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3PC-004 Drug waste of ready-to-administer syringes in the intensive care unit: aseptically prepared syringes versus prefilled sterilised syringes
  1. T Van Gelder1,
  2. A Lalmohamed1,
  3. K Dorst-Mooiman1,
  4. J Dekker1,
  5. M Schinkel1,
  6. M Sikma2,
  7. E Uijtendaal1,
  8. T Egberts1
  1. 1University Medical Centre Utrecht, Clinical Pharmacy, Utrecht, The Netherlands
  2. 2University Medical Centre Utrecht, Intensive Care Unit, Utrecht, The Netherlands


Background and Importance The availability of ready-to-administer (RTA) syringes for intravenous drugs facilitates rapid and safe administration in emergency and intensive care situations. However, the preparation of these syringes in hospital pharmacies via aseptic batchwise filling results in significant drug waste due to excess production and their limited microbiological shelf-life of 31 days, which contributes to considerable environmental pollution. RTA sterilised syringes have much longer shelf-lives (up to 36 months) than aseptically prepared RTA syringes and might contribute to reducing drug waste.

Aim and Objectives This study aimed to evaluate the difference in drug waste between RTA syringes that were prepared through aseptic batchwise filling in the hospital pharmacy and RTA sterilised syringes (produced in a large-scale compounding pharmacy) in the Intensive Care Unit (ICU).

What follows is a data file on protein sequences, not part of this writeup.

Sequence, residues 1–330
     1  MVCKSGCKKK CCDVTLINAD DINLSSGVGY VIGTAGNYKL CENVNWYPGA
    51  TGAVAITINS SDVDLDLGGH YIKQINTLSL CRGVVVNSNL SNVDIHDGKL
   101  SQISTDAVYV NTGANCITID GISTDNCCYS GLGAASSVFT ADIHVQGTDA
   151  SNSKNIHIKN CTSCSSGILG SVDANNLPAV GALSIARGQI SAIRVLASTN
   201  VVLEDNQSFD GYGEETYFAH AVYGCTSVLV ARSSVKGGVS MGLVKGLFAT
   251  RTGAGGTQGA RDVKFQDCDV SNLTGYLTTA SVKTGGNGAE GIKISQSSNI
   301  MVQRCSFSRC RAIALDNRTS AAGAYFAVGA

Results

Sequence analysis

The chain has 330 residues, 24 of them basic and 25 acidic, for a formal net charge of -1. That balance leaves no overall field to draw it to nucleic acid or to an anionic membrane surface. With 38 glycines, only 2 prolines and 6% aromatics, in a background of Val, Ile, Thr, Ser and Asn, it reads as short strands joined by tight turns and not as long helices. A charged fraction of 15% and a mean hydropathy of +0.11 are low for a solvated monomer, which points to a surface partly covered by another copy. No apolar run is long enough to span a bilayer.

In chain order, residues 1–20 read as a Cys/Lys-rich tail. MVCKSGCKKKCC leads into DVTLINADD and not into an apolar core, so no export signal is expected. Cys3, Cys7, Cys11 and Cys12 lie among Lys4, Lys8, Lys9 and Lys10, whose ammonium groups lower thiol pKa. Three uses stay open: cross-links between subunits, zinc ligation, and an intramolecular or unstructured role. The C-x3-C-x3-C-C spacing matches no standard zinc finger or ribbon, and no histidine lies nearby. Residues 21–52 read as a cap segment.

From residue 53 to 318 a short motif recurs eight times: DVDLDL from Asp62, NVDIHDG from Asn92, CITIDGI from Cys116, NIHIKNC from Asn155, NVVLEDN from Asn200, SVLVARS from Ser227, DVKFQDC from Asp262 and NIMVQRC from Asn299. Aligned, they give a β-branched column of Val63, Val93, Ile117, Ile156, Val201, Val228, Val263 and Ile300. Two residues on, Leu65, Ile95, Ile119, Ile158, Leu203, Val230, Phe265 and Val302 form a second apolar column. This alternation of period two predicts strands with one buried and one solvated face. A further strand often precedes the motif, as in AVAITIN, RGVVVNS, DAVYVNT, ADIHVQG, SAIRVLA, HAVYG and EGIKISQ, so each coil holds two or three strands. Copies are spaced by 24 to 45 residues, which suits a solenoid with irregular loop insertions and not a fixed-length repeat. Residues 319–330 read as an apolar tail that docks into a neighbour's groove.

Material and Methods In a 32-bed mixed medical-surgical ICU, drug waste of RTA syringes was measured over an 8-year period from August 2015 to May 2023. An intervention group of three drug products that were replaced by RTA sterilised syringes (potassium chloride 60 mmol = 60 ml, midazolam 50 mg = 50 ml and morphine 50 mg = 50 ml) was compared to a control group of five drug products that were not replaced by sterilised syringes during the study period. Statistical analysis included a Kruskall-Wallis test along with two interrupted time series (ITS) analyses to assess and visualise the effect of different study periods on waste percentages.

Results A total of 319,621 RTA syringes were dispensed by our hospital pharmacy during the study period. Introduction of RTA sterilised syringes significantly decreased drug waste of RTA syringes irrespective of drug type in the intervention group, from 31% before introduction to only 5% after introduction (p<0.001). The control group showed no significant decrease in drug waste over the same time periods (from 20% to 16%; p = 0.726). The ITS model of the intervention group showed a direct decrease of 17.7% in waste percentage after the introduction of the RTA sterilised syringes (p = 0.083).

Conclusion and Relevance RTA sterilised syringes can significantly reduce drug waste in the ICU, supporting hospitals to enhance environmental sustainability.

References and/or Acknowledgements None.

Conflict of Interest No conflict of interest.

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